Friday, June 22, 2018
Tampa Bay Lightning

Capitals' Game 7 defeat may have also been the last great hope of the Ovechkin era

WASHINGTON — The boos started in Verizon Center with 33.5 seconds left to play and all hope gone — again. The wave of disappointment from Washington fans, to give them credit, was not terribly loud, a kind of ritual admonition administered annually with only middling conviction to the incorrigible child of America pro sports: the Washington Capitals.

The punishment perfectly fit the crime because the Caps played with merely middling conviction themselves in their season-ending 2-0 loss to Pittsburgh in Game 7 of their second-round Stanley Cup playoff series, the exact postseason juncture at which this pupil with "A" talent almost always hands in a "D" paper on the final exam.

Some of the red-clad Caps fans trickled out of Verizon during a last, desperate, pathetically pointless Washington timeout. But the huge majority stayed seated. Who has the bad manners to stand up and walk out before the funeral is finished?

This was, indeed, a funeral for hockey hope. The Caps — who claimed publicly long ago that they would win multiple Stanley Cups in their Alex Ovechkin Era, and who were predicted to win the Cup often, including this year — may never be so strong again. Or face a central foe so wounded as the Pens, who were without their best goalie; their best defenseman, Kris Letang, and, in Game 7, useful veterans defenseman Trevor Daley and wing Carl Hagelin, too.

Unless the NHL had allowed the Caps to get hydraulic lifts to literally lift the rink and tilt the ice toward the Pens goal, Washington couldn't have had a better setup for its ultimate redemption opportunity.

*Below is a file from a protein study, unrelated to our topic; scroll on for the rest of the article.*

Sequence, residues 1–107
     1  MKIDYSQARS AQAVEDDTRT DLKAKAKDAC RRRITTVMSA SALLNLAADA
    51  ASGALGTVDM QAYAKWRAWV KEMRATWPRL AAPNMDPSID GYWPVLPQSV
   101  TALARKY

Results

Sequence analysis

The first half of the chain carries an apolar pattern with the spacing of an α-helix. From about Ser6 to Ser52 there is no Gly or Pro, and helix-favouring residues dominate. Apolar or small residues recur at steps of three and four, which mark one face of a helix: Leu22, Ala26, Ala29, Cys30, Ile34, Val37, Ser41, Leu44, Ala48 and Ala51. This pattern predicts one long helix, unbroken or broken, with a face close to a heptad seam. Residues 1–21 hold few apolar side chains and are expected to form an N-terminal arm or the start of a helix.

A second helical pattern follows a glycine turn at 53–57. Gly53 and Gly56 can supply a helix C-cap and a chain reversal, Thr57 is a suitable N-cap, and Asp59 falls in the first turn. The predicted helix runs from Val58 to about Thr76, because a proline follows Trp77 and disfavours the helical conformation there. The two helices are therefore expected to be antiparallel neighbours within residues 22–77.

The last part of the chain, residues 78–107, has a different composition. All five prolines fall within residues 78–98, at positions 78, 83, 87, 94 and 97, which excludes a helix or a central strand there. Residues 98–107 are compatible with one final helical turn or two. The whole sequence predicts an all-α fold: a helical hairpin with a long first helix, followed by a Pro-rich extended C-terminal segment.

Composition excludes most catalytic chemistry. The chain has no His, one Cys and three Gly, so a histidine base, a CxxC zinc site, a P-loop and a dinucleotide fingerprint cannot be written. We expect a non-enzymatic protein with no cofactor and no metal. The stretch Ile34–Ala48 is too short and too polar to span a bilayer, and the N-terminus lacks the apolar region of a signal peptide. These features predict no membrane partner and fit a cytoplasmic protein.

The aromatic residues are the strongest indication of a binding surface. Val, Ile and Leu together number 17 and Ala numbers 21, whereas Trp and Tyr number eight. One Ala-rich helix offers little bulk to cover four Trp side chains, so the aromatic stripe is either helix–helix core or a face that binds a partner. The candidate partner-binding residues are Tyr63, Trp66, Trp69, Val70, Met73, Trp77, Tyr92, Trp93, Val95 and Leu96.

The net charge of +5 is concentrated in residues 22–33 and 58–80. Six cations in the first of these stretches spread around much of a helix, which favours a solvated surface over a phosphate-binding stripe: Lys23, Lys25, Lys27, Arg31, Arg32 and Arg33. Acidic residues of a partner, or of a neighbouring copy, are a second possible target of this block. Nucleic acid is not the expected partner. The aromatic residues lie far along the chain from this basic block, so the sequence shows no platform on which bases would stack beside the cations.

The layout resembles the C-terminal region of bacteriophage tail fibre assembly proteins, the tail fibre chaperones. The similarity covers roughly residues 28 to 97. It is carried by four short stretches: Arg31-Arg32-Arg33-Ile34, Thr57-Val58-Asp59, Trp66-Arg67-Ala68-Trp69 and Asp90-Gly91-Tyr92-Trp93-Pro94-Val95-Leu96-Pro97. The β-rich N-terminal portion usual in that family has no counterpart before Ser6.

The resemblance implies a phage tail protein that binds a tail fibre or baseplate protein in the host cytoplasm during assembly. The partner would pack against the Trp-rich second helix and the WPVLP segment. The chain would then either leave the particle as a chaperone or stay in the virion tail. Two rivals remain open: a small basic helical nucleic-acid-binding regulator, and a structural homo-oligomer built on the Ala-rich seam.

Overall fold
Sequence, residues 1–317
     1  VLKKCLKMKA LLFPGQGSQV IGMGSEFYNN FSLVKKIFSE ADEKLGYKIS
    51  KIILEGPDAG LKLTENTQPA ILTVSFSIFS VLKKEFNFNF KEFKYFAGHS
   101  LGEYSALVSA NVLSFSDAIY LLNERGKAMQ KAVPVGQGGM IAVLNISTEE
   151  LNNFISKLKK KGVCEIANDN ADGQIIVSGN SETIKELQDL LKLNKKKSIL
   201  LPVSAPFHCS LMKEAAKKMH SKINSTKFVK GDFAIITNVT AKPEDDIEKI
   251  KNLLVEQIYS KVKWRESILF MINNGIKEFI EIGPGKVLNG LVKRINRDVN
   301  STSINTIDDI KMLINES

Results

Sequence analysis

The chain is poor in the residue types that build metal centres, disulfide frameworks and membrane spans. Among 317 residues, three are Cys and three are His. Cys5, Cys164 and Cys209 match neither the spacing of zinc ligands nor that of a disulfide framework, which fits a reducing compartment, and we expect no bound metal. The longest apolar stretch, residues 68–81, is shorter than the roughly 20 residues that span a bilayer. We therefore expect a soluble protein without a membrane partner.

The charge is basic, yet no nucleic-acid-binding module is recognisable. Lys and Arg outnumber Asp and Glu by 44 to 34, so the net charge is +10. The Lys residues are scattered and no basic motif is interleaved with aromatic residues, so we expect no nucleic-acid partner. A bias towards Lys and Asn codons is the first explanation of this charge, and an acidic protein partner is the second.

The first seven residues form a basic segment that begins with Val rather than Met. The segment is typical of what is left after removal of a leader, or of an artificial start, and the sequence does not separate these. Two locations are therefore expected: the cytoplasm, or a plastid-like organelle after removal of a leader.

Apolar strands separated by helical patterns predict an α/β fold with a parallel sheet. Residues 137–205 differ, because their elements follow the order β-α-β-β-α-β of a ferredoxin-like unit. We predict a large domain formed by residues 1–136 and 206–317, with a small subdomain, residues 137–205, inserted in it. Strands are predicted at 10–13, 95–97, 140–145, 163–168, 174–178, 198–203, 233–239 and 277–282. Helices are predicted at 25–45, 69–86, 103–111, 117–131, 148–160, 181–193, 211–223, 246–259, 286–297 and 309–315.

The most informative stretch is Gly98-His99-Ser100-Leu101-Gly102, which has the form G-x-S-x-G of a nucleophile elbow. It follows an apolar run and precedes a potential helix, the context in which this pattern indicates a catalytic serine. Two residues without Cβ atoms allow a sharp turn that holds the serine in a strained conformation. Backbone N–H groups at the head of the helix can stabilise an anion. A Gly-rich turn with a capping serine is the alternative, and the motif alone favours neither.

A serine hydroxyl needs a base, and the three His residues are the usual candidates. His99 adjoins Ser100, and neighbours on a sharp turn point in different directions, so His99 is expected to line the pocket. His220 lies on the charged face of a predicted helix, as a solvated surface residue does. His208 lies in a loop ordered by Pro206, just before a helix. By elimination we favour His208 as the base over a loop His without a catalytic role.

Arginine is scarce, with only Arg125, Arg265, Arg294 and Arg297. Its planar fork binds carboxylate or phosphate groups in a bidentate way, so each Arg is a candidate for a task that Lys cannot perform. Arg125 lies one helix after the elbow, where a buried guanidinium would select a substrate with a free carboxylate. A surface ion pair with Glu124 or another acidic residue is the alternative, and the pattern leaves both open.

As an extra penalty, the Caps get to gaze at the highway strewn with rose petals that the Pens now have ahead of them for consecutive Cups. Next, the Pens meet the Ottawa Senators, who were outscored in the regular season. The best in the Western Conference, the Chicago Blackhawks and Minnesota Wild, are already out.

"It's just extreme disappointment," said distinguished veteran Karl Alzner, an almost indestructible defenseman who is a free agent and presumably will be paid more to play elsewhere next season. "We honestly thought we were the best team in the playoffs, and we showed it in (flashes). But the second-round (exit) again …

"Maybe there's something deep down that guys feel. Every year, we change (players) and say it's a 'new team.' But maybe there is something deep down … but I don't feel it personally."